News / USA

    Freedom of Information Under Threat

    Freedom of Information Under Threat

    May 03, 2016 12:14 PM
    Twenty-five years after the world declared that freedom of information is a fundamental human right, journalists are under increasing threat of official censorship, harassment, imprisonment, and even assassination.

    US Marines Investigating Iwo Jima Photo

    Probe comes more than a year after two amateur historians raised doubts that one of the six marines in an iconic photo taken at Battle of Iwo Jima during World War II has been misidentified

    Video Malinowski on Free the Press Campaign

    US Assistant Secretary of State for Democracy, Human Rights and Labor, Tom Malinowski discusses press freedom and the State Departments Free the Press campaign.

    US Sentences Proponent of 'Hacker-for-Hire' Cybercrime

    The court said Nikita Kuzmin's punishment is the 37 months he has already spent in prison and a $6.9 million fine

    Solar-powered Plane Reaches Phoenix in Bid to Circle Globe

    The ultimate goal is flying the plane all the way back to Abu Dhabi, in the United Arab Emirates, where the trip began in March 2015

    Video Media Monitors Report Decline in Global Press Freedom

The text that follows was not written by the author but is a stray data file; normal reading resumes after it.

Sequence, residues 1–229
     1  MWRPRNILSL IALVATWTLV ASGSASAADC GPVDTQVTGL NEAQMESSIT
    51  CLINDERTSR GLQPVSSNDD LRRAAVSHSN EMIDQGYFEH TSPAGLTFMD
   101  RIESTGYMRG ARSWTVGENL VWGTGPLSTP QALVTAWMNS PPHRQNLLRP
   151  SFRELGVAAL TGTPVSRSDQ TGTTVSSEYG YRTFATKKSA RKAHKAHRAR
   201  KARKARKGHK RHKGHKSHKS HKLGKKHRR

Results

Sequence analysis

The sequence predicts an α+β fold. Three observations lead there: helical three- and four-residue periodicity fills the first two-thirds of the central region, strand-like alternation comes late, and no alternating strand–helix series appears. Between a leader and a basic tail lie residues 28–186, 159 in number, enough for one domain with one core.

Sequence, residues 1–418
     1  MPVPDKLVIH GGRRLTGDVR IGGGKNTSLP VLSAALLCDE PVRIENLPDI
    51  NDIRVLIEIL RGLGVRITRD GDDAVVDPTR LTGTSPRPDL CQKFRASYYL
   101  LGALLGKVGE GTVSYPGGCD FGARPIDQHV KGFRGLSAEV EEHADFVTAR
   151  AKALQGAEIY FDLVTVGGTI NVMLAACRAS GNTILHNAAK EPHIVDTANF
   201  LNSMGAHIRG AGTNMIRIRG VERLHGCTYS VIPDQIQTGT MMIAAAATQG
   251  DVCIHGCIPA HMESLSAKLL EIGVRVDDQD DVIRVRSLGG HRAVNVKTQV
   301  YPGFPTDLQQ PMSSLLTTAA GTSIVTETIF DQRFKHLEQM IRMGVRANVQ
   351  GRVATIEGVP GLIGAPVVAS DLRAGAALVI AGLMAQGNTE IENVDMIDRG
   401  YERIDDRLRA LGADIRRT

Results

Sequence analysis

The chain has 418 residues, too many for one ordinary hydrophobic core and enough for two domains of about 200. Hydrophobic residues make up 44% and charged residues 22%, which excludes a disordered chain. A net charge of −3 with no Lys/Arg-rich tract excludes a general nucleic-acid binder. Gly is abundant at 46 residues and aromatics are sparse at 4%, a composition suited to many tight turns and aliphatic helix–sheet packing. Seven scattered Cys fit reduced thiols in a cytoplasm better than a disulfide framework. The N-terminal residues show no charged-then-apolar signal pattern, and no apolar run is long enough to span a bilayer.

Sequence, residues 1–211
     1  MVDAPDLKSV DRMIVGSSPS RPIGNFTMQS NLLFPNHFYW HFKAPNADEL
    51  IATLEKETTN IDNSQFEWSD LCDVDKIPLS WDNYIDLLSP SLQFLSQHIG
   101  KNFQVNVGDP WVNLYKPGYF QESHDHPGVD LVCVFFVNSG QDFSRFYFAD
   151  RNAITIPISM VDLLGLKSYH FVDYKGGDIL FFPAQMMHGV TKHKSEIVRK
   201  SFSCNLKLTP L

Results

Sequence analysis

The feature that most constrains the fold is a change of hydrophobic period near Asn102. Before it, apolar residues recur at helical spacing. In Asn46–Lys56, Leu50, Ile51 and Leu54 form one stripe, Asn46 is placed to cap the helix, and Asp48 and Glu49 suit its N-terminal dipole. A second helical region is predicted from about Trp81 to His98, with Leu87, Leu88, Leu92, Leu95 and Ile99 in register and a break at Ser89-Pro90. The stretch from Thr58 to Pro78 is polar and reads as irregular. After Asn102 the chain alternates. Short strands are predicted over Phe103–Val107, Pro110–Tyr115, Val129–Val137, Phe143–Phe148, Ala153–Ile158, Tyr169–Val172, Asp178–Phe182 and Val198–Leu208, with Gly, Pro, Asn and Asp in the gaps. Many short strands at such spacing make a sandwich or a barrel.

A new report from Freedom House scoring 199 countries and territories shows global press freedom has fallen to its lowest point in more than a decade

    Video US: Journalists Around the World Never in More Peril

    State Department draws attention to detentions, alleged human rights abuses against journalists that it has previously identified as being 'censored, attacked, threatened, imprisoned, or otherwise oppressed because of their reporting'

    Former American Detainee Says North Korea Tried to Use Him as Negotiating Tool

    Kenneth Bae, 47, a South Korean-born naturalized US citizen, was arrested in Rason, a city in North Korea's northeast, in November 2012

    Key Findings of Freedom of the Press Report

    Annual Freedom of the Press report on media independence around world assesses degree of print, broadcast and digital media freedom in 199 countries and territories

    What is World Press Freedom Day?

    Global observance stresses freedom of information as fundamental human right, reminds that in dozens of countries, journalists are harassed and attacked, publications are censored and closed

    Detroit Shutting Off Water to Homes With Unpaid Bills

    Some 23,000 people owed an average of about $663; Hundreds of them lined up Saturday to sign up for a payment plan to keep their water on

    Obama: Decision to Kill Bin Laden Was Heavily Debated

    US president spoke to CNN television Monday, on fifth anniversary of special forces operation that killed the world's most wanted criminal